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Average User Score
4.9 ⁄ 5 stars
Based on 7 reviews
2010 Ford Transit Connect Overview
Overall User Score
Based on 7 reviews
Just like fashion, it seems that what starts in the old world is coming to the new - finally. In a land where it’s widely considered that if a little is good, more must be better, the Ford Transit Connect seems to stand alone. Cargo-oriented vehicles in North America usually mean a big V8, or diesel power. The Transit takes the more European approach, with a 138-hp, 2.0-liter inline four-cylinder (I4) engine mated to a four-speed automatic that transmits power to the front wheels.
This means an EPA-certified efficiency estimation of 20/25 mpg, numbers that represent a 40% increase over average full-size vans. Sound like a new concept? Actually, the Transit Connect has been sold in Europe for eight years, based on the Focus platform. Here, you’ll get the choice of Van or Wagon, in XL or XLT trim. Wagons seat five and sport side windows, while the Van instead provides 135 cubic feet of cargo room, more than Ford’s flagship SUV, the Expedition. This means cargo space that’s 77 inches deep and 60 wide. While the Wagon comes standard with stability control, it’s merely an option for the Van. Choosing the XLT trim will get you power windows and locks, a CD player, and slight visual differences, like color-matching bumpers. Other small visual changes have been made that distinguish American from Euro models, namely to the front grille and bumper, as well as a refresh of the interior, previously a stickaround from 2002.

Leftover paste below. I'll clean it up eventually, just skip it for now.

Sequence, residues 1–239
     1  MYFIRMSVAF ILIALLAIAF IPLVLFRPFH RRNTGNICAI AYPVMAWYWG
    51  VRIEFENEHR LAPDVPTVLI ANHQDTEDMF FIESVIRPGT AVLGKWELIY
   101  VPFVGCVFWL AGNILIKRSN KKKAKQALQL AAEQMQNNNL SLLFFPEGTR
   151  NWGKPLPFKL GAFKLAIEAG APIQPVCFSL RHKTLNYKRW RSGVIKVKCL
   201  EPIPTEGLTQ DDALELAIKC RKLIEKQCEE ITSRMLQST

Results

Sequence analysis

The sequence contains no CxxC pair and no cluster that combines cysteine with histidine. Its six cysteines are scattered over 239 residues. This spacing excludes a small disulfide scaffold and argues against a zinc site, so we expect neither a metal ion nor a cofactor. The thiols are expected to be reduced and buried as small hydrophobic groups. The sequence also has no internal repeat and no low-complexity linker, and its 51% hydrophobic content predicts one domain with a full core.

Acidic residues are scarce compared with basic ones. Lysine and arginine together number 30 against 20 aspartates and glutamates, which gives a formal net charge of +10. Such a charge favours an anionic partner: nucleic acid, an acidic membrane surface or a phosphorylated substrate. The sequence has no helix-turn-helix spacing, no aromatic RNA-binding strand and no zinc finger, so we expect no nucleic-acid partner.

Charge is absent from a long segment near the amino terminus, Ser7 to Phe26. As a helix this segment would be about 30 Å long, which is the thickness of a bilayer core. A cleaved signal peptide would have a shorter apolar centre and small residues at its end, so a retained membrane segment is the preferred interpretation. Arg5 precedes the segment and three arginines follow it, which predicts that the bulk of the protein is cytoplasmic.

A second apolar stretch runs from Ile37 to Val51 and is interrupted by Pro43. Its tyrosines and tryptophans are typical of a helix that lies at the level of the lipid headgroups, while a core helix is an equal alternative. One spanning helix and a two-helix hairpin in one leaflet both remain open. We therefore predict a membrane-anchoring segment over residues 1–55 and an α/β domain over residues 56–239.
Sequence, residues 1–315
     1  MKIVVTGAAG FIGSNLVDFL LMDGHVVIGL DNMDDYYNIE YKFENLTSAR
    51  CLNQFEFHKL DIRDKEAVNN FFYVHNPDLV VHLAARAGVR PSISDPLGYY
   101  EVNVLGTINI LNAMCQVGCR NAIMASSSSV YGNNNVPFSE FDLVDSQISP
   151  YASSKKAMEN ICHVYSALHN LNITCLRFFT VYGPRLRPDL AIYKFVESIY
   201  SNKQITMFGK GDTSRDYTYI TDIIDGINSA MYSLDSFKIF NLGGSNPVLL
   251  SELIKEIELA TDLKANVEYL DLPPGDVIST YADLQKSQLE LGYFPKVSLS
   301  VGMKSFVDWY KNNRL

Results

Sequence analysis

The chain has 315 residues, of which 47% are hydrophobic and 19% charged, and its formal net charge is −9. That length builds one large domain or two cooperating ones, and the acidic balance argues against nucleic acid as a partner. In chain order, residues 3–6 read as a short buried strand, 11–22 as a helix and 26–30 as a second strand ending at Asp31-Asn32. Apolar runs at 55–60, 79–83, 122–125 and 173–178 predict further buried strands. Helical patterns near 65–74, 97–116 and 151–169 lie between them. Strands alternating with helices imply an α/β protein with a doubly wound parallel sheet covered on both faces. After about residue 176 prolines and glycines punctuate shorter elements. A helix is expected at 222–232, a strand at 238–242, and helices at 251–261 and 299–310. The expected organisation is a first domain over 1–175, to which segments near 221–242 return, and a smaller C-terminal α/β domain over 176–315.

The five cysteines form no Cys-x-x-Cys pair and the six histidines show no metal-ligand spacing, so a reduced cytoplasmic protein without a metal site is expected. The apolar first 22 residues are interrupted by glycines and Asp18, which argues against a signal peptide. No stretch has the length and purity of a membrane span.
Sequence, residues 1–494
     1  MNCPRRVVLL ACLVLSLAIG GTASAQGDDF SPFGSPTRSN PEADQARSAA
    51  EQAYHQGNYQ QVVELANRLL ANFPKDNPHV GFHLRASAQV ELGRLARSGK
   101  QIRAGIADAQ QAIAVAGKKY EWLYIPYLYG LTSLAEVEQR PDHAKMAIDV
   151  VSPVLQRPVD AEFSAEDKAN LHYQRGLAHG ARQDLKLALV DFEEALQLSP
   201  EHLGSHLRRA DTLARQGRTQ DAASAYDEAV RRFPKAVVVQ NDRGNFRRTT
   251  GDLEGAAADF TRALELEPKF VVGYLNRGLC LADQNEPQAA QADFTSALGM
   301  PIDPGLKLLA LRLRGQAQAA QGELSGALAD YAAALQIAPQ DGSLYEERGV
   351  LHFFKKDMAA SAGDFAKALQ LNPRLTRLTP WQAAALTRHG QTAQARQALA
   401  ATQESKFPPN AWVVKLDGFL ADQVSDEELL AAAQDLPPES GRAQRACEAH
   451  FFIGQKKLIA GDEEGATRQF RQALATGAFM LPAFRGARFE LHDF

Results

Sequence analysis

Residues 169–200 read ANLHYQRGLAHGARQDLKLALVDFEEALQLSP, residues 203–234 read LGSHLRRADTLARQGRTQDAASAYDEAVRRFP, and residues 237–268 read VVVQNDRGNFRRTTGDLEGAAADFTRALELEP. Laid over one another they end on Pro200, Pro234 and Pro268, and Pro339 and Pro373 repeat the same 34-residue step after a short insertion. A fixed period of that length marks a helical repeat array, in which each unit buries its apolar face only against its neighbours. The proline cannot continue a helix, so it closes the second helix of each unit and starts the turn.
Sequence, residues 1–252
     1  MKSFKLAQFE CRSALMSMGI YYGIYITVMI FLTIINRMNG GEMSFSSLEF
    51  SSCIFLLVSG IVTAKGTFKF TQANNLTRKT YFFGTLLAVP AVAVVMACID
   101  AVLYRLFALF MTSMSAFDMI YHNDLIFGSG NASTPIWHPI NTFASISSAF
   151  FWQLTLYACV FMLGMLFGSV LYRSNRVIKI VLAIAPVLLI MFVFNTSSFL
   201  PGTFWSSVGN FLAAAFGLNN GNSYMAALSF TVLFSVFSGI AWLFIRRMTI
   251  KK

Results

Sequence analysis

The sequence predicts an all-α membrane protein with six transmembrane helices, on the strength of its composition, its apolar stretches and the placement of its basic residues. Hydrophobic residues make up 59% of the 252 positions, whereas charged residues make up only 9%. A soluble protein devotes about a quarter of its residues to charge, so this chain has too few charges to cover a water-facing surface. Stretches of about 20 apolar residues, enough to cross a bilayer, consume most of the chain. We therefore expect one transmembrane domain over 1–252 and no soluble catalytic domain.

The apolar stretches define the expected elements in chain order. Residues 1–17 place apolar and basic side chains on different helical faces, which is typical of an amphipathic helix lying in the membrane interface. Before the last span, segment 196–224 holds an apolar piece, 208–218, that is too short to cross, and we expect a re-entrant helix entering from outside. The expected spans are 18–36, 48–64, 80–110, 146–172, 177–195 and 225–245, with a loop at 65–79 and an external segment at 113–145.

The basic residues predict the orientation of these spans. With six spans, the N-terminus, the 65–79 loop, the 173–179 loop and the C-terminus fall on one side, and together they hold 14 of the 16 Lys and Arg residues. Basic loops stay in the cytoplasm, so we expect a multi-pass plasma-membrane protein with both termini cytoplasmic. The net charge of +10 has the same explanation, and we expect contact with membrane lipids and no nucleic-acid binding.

In keeping with its European heritage, the Transit Connect is only 180.7 inches long and sports a 39-foot turning diameter. This means easy parking for city deliveries. When you get where you’re going, the rear barn door opens with a standard 180-degree hinge, and if that’s not enough, there’s an optional 255-degree hinge as well. Ford is targeting the small-business owner with the Transit Connect, the first vehicle imported to the U.S. from Ford’s plant in Kocaeli, Turkey. We have yet to see if it’s the kind of thinking that can turn Ford around here in the U.S.
A CarGurus contributor since 2008, Michael started his career writing about cars with the SCCA - winning awards during his time as editor of Top End magazine. Since then, his journalistic travels have taken him from NY to Boston to CA, completing a cross-country tour on a restored vintage Suzuki. While his preference is for fine German automobiles - and the extra leg room they so often afford - his first automobile memories center around impromptu Mustang vs. Corvette races down the local highway, in the backseat of his father's latest acquisition.
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Ran into something I've never seen before today and thought it was pretty interesting and could be over looked very easy. Put a left front wheel bearing in a 2010 transit connect today. Went about i...